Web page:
Repeal the New York Medicaid cuts for healthcare for those patients with dual Eligibility with Medicare: These cut backs have reduced patient’s access to private physicians in poorer and underserved neighborhoods.
The cutbacks also discourages physicians from setting up practices in poor communities since they will be receiving less reimbursement than physicians whom practice in wealthier communities.
Physicians that open up their primary practices, (>50% time) in poorer underserved neighborhoods in designated zip codes in central Brooklyn, Southeast Queens, South Bronx, and Harlem, should also receive special state and city income tax and property tax breaks to offset student loans and lower income received from serving these communities and receive increased reimbursement.
Tort reform with caps on malpractice awards. This will ensure more funds available for healthcare instead of trial lawyers that on many occasions file frivolous lawsuits costing healthcare providers millions of dollars depleting monies for healthcare.
Ob-Gyn Malpractice insurance in NY ranges from $150,000 to $250,000.
7 counties in NYS do not
have an Ob-Gyn as a result of this.
The average medical liability award has gone up 35% to $8,134,102.
The civil justice system frequently produces awards where there has been no negligence
In many cases where there has been negligence the system often produces no payments to the plaintiff
Physicians are now increasingly being forced to view their patients as potential plaintiffs rather then person in need of care
Over the past 10 years MLMIC has spent of $500 million to defense physicians and hospitals on whose behalf no payment was ever paid to the plaintiff that filed a claim.
In NY 71% of Neurosurgeons have been sued
In NY 67% of Ob-Gyns have been sued
No other level of human activity is the source of such lawsuits
Many hospitals have close their OB-Gyn divisions
Special health courts
No-fault system for claims involving neurologically impaired infants and emergency department care.
Most neurological conditions involve impairment prior to birth.
Tightening of rules of whom can be an expert witness in a medical liability action.
Disclosure of the identity of an expert witness in a medical liability action prior to trial.
Expert witnesses must be practicing the same specialty as the physician whom against whom the lawsuit if filed.
$250,000 cap on non-economic damage awards.
State-funded subsidy and/or tax credit to defray the cost of medical liability insurance.
Create a “clear and convincing” standard of proof in medical liability actions, a higher standard than the current “preponderance of the evidence standard”
Impose a $10,000 fine on an attorney who brings frivolous action and enforce the penalty
Immunity for Apology- 27 states have and “I’m sorry Law” to protect health care providers who express sympathy to a patient for an unanticipated outcome from having such a statement used against the health care provider in any subsequent litigation that may arise.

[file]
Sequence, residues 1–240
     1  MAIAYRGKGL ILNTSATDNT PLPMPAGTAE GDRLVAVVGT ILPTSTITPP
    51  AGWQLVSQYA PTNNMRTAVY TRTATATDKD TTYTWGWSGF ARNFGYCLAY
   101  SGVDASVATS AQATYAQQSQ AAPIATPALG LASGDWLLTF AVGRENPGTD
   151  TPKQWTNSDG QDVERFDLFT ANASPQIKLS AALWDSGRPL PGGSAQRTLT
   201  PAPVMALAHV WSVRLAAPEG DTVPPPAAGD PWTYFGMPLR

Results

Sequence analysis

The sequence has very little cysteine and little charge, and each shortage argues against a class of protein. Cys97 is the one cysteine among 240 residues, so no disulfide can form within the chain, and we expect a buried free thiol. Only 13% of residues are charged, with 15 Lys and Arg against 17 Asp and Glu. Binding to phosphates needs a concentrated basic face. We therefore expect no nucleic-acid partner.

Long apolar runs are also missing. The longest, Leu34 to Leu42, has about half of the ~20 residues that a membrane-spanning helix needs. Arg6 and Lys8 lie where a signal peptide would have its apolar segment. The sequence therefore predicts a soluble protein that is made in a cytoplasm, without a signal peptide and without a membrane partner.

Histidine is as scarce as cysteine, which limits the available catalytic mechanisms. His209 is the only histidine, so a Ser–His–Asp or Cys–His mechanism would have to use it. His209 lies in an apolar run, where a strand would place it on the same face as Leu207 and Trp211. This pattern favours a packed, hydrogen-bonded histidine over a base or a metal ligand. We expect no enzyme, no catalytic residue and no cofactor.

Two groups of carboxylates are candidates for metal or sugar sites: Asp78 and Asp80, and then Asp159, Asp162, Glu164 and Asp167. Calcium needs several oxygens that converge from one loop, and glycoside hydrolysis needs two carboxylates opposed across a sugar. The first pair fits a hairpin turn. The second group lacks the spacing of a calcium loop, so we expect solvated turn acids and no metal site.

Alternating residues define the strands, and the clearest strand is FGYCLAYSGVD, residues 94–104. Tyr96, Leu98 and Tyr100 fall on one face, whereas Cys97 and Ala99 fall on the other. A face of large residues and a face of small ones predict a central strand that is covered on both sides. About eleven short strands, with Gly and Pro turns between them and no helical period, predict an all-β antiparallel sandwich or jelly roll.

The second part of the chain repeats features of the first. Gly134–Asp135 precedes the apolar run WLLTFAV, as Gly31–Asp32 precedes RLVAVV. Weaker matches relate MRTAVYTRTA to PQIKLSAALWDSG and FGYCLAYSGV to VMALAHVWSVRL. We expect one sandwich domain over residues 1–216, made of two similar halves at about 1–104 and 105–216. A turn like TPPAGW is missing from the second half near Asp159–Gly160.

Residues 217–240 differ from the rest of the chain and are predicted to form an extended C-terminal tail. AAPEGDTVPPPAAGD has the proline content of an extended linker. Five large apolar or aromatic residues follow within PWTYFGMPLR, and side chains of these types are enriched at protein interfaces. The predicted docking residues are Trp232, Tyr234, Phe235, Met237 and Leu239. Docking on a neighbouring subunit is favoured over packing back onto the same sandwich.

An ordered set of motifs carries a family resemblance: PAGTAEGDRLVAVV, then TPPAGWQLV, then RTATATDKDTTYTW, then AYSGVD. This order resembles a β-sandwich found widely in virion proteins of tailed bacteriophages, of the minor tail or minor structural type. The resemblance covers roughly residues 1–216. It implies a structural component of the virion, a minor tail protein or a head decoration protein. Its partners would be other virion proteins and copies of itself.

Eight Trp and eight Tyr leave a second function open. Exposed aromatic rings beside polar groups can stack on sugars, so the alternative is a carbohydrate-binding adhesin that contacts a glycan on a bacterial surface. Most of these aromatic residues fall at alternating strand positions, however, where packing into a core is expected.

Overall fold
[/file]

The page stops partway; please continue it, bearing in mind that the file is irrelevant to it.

50% discount on malpractice premium for those physicians that practice in zip codes affected by the highest healthcare disparities
Contact all local New York Medical Schools and Hospitals to immediately enforce nondiscriminatory laws by recruiting underrepresented Black and Hispanic physicians, medical students and health personnel: Currently New York City is 60% Black and Hispanic. The number of Black and Hispanics in New York Medical Schools are 5%. The leadership in both medical schools and hospitals has failed to diversify and support the medical staff to address current healthcare disparities.
Reduce the cost of medical education.
In some areas of NY as much as 51% of Black men in are unemployed.
Immediately develop job-training programs: Unemployment leads to poverty, substance abuse, and crime. Not only are the men affected but also the women and children of the family.
Globally Drug companies make 50% of their profits off of the American consumer alone. Pharmaceutical cost reduction protocols such as those used in Canada and other countries will reduce the cost the medications particularly for patients whom are poor and may not be able to afford them to reduce health disparities.
Legislation must be considered to reduce the mark up of medications.
Parallel importation of drugs will stimulate free enterprise and reduce the costs of medications as is seen in Europe.
Patients need to see physicians in a “medical home” at their doctor’s office, not a drug store clinic that bombards them with unhealthy candy, chips, soda and food as you enter the drug store.
Doctor don’t spend 8-15 years of their life training to work out of a retail drug store.
Areas most in need: codes in New York that are clearly known to have these disparities in health, education, and unemployment. Specifically Central Brooklyn, Uptown Manhattan, South Bronx, Southeast Queens.
Harlem, So. Bronx, Central Brooklyn